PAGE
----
Crude Oil: Equilibrium With a Net

In Blog by Michael Arnold

Author: Bob Iaccino

The crude oil surplus that peaked at close to 2.3 million barrels per day (“bpd”) in 2014 and caused the 75% sell-off to the lows reached in February of 2015, is all but gone. The U.S. came close to overtaking Saudi Arabia as the world’s largest crude oil producer in 2015, averaging 9.4 million bpd in 2015 and peaking at 9.7 million bpd. Saudi Arabia and Russia were both in the 10 million bpd category but were understood to be pumping at almost full capacity while U.S production specifically; along with the overall North American production was increasing, monthly. Once the market digested how much excess supply there was, prices fell the 75% mentioned earlier and since then 77 U.S. oil companies have claimed bankruptcy according to the Wall Street Journal, while approximately 79% of U.S. oil rigs have gone offline. Prices have since risen over $20 as production tapered off.

In September of 2014, there were over 1600 oil rigs at work in the U.S. As of last week, that has fallen to a record low of 330 rigs. In the meantime, demand has increased. The growth in crude oil demand from the U.S. and China has slowed, but demand growth from other regions is increasing. Both Goldman Sachs and the Saudi minister for Energy and Industry have proclaimed the status of “surplus” in the oil markets to be over. Goldman says strong demand and sudden supply disruptions have brought the surplus to a “sudden halt” and Khalid al Falih, the aforementioned Saudi official stated the oil supply glut has vanished. “We are out of it,” he said. “The oversupply has disappeared. We just have to carry the overhang of inventory for a while until the system works it out,” he added, saying they had to wait and see how the market developed going into 2017. Saudi Arabia’s oil stocks peaked at 329.5 million barrels, but by the end of April, they had declined to 290.9 million barrels, a decline of 11.7%. Sure enough, in this week’s data, Saudi Arabia’s oil inventory fell by 38.6 million barrels.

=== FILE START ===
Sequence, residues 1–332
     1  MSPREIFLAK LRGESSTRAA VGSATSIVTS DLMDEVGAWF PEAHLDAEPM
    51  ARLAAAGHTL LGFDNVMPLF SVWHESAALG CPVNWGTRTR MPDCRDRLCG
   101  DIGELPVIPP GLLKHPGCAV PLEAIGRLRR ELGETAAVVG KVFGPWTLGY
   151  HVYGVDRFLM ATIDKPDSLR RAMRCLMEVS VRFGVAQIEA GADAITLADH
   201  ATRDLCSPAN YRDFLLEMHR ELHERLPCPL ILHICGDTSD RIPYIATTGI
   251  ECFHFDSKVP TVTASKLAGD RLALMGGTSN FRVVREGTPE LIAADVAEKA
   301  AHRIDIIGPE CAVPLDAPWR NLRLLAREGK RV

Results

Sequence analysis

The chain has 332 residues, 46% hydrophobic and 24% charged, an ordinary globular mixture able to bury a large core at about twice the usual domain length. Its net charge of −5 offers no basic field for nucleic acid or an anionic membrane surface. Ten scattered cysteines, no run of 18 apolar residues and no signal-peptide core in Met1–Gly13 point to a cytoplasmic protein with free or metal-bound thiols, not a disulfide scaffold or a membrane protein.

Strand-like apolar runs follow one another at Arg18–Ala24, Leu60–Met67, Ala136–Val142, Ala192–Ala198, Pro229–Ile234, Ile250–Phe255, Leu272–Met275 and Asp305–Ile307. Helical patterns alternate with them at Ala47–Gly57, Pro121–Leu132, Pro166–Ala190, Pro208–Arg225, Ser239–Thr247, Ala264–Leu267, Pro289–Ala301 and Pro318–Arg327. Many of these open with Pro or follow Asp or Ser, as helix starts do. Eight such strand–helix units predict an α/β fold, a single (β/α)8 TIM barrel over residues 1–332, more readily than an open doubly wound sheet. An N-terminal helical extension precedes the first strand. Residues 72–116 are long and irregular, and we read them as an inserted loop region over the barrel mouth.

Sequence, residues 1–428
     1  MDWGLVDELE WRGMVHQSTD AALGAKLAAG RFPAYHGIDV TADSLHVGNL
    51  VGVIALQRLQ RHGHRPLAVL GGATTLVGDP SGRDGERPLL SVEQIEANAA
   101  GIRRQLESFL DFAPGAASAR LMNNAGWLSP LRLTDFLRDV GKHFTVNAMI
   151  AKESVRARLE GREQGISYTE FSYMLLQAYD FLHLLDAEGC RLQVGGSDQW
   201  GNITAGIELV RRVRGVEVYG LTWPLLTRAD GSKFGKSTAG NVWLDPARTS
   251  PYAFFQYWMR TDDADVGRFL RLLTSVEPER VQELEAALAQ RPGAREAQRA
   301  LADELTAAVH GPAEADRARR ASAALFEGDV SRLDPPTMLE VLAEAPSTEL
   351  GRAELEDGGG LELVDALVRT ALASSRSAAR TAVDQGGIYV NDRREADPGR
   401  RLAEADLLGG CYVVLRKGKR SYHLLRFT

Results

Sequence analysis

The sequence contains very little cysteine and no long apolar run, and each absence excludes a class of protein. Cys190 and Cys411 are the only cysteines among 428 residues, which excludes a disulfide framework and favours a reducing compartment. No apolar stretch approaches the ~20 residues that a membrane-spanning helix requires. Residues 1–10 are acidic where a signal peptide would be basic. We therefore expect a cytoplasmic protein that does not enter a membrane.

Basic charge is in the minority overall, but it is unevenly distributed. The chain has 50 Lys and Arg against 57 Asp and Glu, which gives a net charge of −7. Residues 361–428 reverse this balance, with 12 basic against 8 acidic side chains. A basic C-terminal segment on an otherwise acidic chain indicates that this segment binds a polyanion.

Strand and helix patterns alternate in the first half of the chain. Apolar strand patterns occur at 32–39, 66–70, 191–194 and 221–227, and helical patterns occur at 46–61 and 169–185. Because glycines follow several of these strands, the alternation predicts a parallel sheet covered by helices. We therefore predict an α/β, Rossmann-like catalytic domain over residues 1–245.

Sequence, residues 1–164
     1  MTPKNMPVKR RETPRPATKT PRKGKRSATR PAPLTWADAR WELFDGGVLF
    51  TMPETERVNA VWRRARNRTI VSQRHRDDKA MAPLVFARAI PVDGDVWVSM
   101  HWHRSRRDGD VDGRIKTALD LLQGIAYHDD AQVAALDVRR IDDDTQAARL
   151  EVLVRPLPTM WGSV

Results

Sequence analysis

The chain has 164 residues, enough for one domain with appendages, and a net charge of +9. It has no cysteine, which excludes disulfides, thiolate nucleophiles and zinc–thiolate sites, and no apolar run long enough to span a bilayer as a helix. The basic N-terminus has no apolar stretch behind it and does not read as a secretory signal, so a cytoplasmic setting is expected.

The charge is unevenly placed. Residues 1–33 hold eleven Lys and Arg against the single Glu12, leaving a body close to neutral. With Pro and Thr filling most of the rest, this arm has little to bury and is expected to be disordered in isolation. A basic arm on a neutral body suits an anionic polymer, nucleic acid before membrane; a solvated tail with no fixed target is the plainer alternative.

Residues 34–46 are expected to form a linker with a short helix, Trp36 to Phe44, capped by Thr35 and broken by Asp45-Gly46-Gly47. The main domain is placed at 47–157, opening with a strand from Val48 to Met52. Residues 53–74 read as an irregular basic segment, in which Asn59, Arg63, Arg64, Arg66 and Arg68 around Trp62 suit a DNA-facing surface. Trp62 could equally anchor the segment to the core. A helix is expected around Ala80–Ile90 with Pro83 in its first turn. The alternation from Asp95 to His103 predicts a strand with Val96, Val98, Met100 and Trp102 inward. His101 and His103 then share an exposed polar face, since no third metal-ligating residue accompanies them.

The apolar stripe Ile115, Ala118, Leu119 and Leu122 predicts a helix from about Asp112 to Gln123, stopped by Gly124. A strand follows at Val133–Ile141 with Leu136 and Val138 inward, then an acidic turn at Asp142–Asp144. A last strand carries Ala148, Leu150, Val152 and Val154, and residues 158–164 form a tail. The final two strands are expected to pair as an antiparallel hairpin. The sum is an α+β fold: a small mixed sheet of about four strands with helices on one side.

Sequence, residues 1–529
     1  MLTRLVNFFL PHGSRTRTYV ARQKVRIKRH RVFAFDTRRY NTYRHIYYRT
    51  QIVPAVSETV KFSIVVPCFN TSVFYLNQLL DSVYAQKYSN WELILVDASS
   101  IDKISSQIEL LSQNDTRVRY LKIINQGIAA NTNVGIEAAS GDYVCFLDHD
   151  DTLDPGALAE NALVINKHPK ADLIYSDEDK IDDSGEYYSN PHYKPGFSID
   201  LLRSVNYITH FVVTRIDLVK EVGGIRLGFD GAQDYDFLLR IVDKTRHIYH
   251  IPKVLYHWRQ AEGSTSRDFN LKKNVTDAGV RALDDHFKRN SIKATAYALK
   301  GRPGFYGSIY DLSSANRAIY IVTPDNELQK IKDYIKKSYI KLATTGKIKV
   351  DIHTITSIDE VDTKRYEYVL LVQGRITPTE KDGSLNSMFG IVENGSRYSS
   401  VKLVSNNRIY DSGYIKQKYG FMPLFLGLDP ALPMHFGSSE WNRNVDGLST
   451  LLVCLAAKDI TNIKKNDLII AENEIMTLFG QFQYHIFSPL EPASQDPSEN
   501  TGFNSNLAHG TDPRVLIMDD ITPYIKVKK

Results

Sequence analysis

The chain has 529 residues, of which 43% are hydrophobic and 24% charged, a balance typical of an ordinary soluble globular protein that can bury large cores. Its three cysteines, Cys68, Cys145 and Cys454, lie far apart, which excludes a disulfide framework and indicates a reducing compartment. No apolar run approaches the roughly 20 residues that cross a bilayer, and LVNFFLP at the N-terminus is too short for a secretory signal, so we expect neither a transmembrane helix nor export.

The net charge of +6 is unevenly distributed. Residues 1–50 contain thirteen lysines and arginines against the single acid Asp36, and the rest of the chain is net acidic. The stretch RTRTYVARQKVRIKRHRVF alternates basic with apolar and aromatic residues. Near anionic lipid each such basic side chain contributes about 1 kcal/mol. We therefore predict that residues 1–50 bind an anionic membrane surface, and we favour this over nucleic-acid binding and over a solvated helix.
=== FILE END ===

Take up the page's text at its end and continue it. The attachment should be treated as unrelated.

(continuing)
While the possibility of slower global economic growth due to the Brexit looms (this seems unlikely in the short-term) and acknowledging higher prices causing U.S. producers to “turn wells back on” is logistically difficult at best, impossible at worst, it would seem that higher prices are coming for WTI and Brent. Short traders of oil should beware; the slippery slope of lower crude prices may not be the current normal. There is excess crude supply, but the market is more in a state of equilibrium with a safety net of maybe 300,000 to 500,000 bpd to absorb shocks such as the Alberta fires and the rebel attacks on oil fields in Nigeria. So as they say in the newly non-EU London, “mind the gap”. It may not be there much longer.

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